Although this might be disheartening for a gardener, it’s a natural process for the plant. The hens and chick succulents need to go through this process to produce progeny.
You can’t stop this process, and you should avoid removing the stalk and buds. If you do remove the stalk, the plant will die anyway. It’s best to leave the stalk alone and allow the plant to complete its natural cycle. It may be sad and difficult to allow the hen rosette to flower, but her chicks will continue to thrive without her.
These succulent plants can start to flower prematurely due to stresses from their environment. They need to be planted in full sun in well-draining soils.
If there’s a drastic change in their environment, this can cause them to become stressed and send out a flower. If they see a large change in sunlight exposure or soils suddenly become soggy, this can induce flowering.
A big shift in temperature will also cause these succulents to flower. If you notice a large temperature change coming for your region, consider moving your plants indoors if they are in containers. If planted outdoors, there isn’t much you can do to avoid the natural cycle once those temperature changes occur.
Another factor that can induce early flowering is overcrowding. Generally, these succulents are grown for their thick clusters of rosettes, but they can become overcrowded quickly. Leave plenty of space between them when planting, at least four inches or more. This will give the plant plenty of room to produce offsets or chicks.
Signs of Blooming
There are a few signs that your hens and chicks are about to bloom. The leaves of the hen rosette will begin to close in on themselves.
Then, the rosette will begin to stretch and elongate. These succulents are naturally low to the ground, and if you notice them begin to grow upwards, this is a good sign of flowering.
At the base of the stalk, the rosette will begin to tilt to one side. The chicks around the base of the hen should remain normal and unaffected by the flowering. Occasionally, young chicks who don’t have established roots will perish with the hen.
It may be a bittersweet sight to see your hens and chicks flower, as it’s the end of a beautiful rosette. But you can take comfort in knowing the hens legacy lives on in her chicks.
Once the flower has finished and the stalk begins to die, you can either remove the stalk and the hen or leave it all lay with her chicks.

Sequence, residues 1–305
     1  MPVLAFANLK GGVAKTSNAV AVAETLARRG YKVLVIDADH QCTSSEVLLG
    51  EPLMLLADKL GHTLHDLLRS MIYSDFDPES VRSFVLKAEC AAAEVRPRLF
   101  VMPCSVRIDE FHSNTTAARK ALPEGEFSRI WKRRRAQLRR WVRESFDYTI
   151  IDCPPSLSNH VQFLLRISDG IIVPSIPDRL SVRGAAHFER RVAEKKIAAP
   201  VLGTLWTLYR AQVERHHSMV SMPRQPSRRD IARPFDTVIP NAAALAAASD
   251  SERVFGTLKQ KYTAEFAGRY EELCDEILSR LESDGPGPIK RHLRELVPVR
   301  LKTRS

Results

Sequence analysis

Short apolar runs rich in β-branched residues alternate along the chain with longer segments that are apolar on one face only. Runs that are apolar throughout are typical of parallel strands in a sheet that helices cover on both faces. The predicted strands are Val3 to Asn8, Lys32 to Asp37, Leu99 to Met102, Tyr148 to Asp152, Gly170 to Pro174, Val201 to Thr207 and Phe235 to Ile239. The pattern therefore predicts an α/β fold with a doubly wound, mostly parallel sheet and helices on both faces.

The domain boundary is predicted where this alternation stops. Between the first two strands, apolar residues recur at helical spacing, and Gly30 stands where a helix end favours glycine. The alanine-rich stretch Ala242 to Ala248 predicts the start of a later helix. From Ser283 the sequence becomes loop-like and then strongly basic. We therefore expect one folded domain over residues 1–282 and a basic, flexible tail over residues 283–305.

Caring for the chicks is no different than before the hen flowered. You continue to provide proper sunlight, soil conditions, and water. In a few years, the once chicks will become hens and start to produce chicks of their own. This is how the plant seems to live on forever, and no matter the generation, they will all require the same care.
Frequently Asked Questions
How long do the blooms last?
Their blooms can last anywhere from a couple of weeks to almost a month. Weather and temperature are going to play a factor in how long they bloom. Once you notice seeds forming, the bloom is finished.
Should I cut the stalk from the plant?
You should only cut the stalk once the flowers have faded and the seed has set. Cutting the stalk as it emerges will only kill the plant quicker. This is a natural process for the plant, and cutting the stalk will not save the plant.
Do they stay outdoors all winter?
Yes, these succulents can stay outdoors during the winter. They are hardy in USDA zones 3 to 8, so they can withstand some pretty cold temperatures. The plant naturally goes dormant when temperatures become cooler and will awaken in the spring when temperatures rise.
Hens and chicks are a cute succulent that is versatile and hardy even in the coldest of climates. If you are growing these succulents, it’s inevitable that they will one day flower. There isn’t anything you can do to prevent this process from happening. It’s a natural part of the plant’s life cycle and needs to happen so the chicks can continue to thrive.